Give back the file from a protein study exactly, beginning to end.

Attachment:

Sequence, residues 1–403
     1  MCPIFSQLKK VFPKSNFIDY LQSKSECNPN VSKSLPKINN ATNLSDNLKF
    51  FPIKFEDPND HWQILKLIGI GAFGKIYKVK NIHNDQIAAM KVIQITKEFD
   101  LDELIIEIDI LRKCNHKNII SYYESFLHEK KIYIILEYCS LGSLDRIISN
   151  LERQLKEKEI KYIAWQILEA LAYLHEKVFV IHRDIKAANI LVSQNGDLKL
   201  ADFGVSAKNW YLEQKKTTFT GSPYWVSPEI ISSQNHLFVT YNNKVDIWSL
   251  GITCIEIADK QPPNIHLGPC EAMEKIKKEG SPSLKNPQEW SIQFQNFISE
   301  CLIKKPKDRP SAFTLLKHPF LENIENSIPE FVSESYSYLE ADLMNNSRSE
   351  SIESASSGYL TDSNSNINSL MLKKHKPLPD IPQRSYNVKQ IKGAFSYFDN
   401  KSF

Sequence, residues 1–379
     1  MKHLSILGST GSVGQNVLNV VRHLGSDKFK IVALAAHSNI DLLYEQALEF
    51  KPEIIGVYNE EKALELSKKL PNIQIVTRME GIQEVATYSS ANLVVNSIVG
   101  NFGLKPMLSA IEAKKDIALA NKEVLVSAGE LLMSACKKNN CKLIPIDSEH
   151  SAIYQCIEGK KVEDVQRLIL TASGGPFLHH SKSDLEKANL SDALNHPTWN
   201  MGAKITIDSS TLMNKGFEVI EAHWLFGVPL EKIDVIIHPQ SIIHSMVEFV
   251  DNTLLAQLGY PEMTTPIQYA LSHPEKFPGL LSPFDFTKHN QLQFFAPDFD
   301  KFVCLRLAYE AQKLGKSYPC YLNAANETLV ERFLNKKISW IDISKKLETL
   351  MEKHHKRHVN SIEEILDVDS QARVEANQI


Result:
Sequence, residues 1–403
     1  MCPIFSQLKK VFPKSNFIDY LQSKSECNPN VSKSLPKINN ATNLSDNLKF
    51  FPIKFEDPND HWQILKLIGI GAFGKIYKVK NIHNDQIAAM KVIQITKEFD
   101  LDELIIEIDI LRKCNHKNII SYYESFLHEK KIYIILEYCS LGSLDRIISN
   151  LERQLKEKEI KYIAWQILEA LAYLHEKVFV IHRDIKAANI LVSQNGDLKL
   201  ADFGVSAKNW YLEQKKTTFT GSPYWVSPEI ISSQNHLFVT YNNKVDIWSL
   251  GITCIEIADK QPPNIHLGPC EAMEKIKKEG SPSLKNPQEW SIQFQNFISE
   301  CLIKKPKDRP SAFTLLKHPF LENIENSIPE FVSESYSYLE ADLMNNSRSE
   351  SIESASSGYL TDSNSNINSL MLKKHKPLPD IPQRSYNVKQ IKGAFSYFDN
   401  KSF

Sequence, residues 1–379
     1  MKHLSILGST GSVGQNVLNV VRHLGSDKFK IVALAAHSNI DLLYEQALEF
    51  KPEIIGVYNE EKALELSKKL PNIQIVTRME GIQEVATYSS ANLVVNSIVG
   101  NFGLKPMLSA IEAKKDIALA NKEVLVSAGE LLMSACKKNN CKLIPIDSEH
   151  SAIYQCIEGK KVEDVQRLIL TASGGPFLHH SKSDLEKANL SDALNHPTWN
   201  MGAKITIDSS TLMNKGFEVI EAHWLFGVPL EKIDVIIHPQ SIIHSMVEFV
   251  DNTLLAQLGY PEMTTPIQYA LSHPEKFPGL LSPFDFTKHN QLQFFAPDFD
   301  KFVCLRLAYE AQKLGKSYPC YLNAANETLV ERFLNKKISW IDISKKLETL
   351  MEKHHKRHVN SIEEILDVDS QARVEANQI